Trafficking is the new slavery. It is “faceless, temporary, highly profitable, legally concealed, and completely ruthless”. (Kevin Bales)
As I’ve been traveling around speaking with people about human trafficking and what I’m doing through Global Health Promise to address this issue, people are asking a lot of basic questions about it. Here I’ll start a series of blog posts that begin to educate you on trafficking, what it is and what it is not, and what we can really do about it. Most of you have heard about it, but don’t really understand it. There is also quite a bit of surprise about how prevalent it is right here in America. I will be writing about human trafficking in general, but I will also provide some personal perspective from my own experiences. There will also be postings of recommended reading including websites, books and articles. A lot of information I’m giving here can be found at the Department of Health and Human Services Rescue and Restore website.
I welcome your thoughts, comments and questions here. If there is something that needs clarification, or if you have a specific question not addressed here, please ask as everyone will benefit from both the question and the answer!
Human trafficking is a form of modern-day slavery. Victims of human trafficking are young children, teenagers, men and women. Approximately 600,000 to 800,000 victims annually are trafficked across international borders world wide. However, trafficked persons DO NOT have to be transported across ANY border to be trafficked. One can be trafficked in one’s home town.
For example, a teen runaway may start selling sex for survival. She is vulnerable and then falls into the grips of a pimp and is then selling sex for him. When she is no longer in control of her comings and goings and earnings, and loses her basic autonomy, she is a trafficked person. Victims of human trafficking are subjected to force, fraud, or coercion, for the purpose of sexual exploitation or forced labor.
Many victims of human trafficking are forced to work in prostitution or the sex entertainment industry. But trafficking also occurs in forms of labor exploitation, such as domestic servitude, restaurant work, janitorial work, sweatshop factory work and migrant agricultural work.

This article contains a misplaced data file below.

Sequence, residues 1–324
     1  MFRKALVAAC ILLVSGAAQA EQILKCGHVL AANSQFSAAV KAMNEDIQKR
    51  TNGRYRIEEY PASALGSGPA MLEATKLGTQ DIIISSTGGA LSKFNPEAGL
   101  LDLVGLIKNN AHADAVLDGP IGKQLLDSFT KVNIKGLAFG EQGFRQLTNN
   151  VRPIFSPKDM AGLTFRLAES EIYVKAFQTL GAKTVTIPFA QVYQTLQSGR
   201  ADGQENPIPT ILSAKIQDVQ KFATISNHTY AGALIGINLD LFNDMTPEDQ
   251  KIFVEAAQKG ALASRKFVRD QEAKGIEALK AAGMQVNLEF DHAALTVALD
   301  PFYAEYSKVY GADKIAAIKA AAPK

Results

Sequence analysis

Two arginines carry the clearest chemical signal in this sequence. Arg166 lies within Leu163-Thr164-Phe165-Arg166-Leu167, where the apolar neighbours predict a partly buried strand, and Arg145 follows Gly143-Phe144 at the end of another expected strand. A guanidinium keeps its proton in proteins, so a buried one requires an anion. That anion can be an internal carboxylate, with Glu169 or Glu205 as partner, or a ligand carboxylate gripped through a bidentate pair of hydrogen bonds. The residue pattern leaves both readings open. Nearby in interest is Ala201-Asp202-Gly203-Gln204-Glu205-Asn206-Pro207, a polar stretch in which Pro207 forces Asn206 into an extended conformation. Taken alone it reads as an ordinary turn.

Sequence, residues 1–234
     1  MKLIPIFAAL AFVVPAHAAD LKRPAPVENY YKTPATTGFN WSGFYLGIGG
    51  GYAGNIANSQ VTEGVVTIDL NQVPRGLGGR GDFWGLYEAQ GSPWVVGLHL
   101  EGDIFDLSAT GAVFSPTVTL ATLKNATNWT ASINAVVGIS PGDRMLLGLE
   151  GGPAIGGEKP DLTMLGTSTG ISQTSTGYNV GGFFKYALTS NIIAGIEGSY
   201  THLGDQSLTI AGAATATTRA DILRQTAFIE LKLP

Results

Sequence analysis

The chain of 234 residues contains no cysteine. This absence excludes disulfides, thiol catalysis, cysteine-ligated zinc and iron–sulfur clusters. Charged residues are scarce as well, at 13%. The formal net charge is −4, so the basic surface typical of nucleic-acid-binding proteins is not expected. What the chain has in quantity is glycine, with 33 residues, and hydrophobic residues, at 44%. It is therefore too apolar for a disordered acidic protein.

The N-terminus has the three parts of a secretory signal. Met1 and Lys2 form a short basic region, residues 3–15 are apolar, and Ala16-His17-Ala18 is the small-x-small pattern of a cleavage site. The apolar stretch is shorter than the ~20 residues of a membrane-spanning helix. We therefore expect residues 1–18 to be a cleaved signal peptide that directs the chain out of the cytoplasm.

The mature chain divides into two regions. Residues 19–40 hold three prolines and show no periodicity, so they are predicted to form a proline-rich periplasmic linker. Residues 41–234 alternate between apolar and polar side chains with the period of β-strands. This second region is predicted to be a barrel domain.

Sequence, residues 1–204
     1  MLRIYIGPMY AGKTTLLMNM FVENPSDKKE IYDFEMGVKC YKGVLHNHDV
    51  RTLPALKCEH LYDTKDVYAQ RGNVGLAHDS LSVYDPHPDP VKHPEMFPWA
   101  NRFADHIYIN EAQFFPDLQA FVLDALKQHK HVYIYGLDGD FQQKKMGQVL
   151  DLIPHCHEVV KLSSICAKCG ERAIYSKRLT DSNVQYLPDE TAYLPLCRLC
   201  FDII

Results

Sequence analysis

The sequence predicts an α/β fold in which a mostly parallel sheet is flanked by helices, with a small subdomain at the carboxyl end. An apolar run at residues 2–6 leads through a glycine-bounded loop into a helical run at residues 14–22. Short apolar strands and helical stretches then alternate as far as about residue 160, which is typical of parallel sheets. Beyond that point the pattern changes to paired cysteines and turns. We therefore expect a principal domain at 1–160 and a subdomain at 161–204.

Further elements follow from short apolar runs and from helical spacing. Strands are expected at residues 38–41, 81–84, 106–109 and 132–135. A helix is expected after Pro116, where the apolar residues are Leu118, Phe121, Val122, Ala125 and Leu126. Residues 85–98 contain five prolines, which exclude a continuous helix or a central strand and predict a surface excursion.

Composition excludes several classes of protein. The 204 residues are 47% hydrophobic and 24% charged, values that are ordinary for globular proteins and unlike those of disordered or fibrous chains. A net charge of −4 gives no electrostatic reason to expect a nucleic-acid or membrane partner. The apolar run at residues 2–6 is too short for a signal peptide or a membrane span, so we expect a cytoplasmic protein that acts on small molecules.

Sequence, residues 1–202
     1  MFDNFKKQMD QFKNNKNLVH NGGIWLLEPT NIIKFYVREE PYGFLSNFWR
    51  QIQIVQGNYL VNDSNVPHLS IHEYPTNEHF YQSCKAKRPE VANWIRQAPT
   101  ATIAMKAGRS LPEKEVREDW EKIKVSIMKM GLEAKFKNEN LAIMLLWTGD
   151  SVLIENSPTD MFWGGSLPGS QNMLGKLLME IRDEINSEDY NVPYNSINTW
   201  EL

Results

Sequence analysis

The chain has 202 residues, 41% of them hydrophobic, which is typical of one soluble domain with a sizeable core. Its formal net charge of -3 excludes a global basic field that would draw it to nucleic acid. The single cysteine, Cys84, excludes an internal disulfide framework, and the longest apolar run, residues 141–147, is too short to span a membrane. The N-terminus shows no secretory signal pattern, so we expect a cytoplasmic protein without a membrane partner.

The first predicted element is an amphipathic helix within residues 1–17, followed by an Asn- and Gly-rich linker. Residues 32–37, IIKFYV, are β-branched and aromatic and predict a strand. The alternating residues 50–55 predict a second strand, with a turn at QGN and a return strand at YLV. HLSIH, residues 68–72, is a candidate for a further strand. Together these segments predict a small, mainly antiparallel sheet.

Traffickers use various techniques to instill fear in victims and to keep them enslaved. Some traffickers keep their victims under lock and key. However, the more frequent practice is to use less obvious techniques including:
- Debt bondage – financial obligations, honor-bound to satisfy debt
- Isolation from the public – limiting contact with outsiders and making sure that any contact is monitored or superficial in nature
- Isolation from family members and members of their ethnic and religious community
- Confiscation of passports, visas and/or identification documents
- Use or threat of violence toward victims and/or families of victims
- The threat of shaming victims by exposing circumstances to family
- Telling victims they will be imprisoned or deported for immigration violations if they contact authorities
- Control of the victims’ money, e.g., holding their money for “safe-keeping”
After drug dealing, trafficking of humans is tied with arms dealing as the second largest criminal industry in the world, and is the fastest growing. There is an official definition of trafficking in persons as declared in the “Palermo Protocol” established by the United Nations in 2000. This is a very technical definition, but have included it here for the sake of being complete.
Trafficking is NOT smuggling. Smuggling is the procurement or transport of a person for illegal entry into a country and includes the consent of the person being smuggled. Trafficking may involve smuggling, but a smuggled person is not necessarily trafficked. A smuggled person, however, is often vulnerable to being taken advantage of by a trafficker.
America is a major destination country for traffickers of all kind of exploitation. Something you would be surprised to learn is that the best data estimates that over 100,000 American children are being commercially sexually exploited right here in the USA.
A lot of the work that I do involves prostituted women as well as trafficked women. In the areas where I’ve done most of my field work, prostitution and trafficking have blurred definitions and it can look very much the same. These women do not understand the definition of trafficking, they are not up on the latest laws passed, and are usually not aware of their own rights. The circumstances that differentiate a prostututed woman “just” a prostitute as opposed to being trafficked prostituted woman are often not that clear when you consider organized crime, police compliance in the crime, and other cultural and legal factors in different countries. Therefore, I do not make a firm distinction in my work – I just help everyone in that situation becuase that situation for them is Hell on Earth.
First basic lesson. Any questions?
Homework: What did you learn? What questions came up for you about what you see, what you don’t see? If you are having trouble getting your head and heart around it, join the club.
More to come. soon. this is only the start.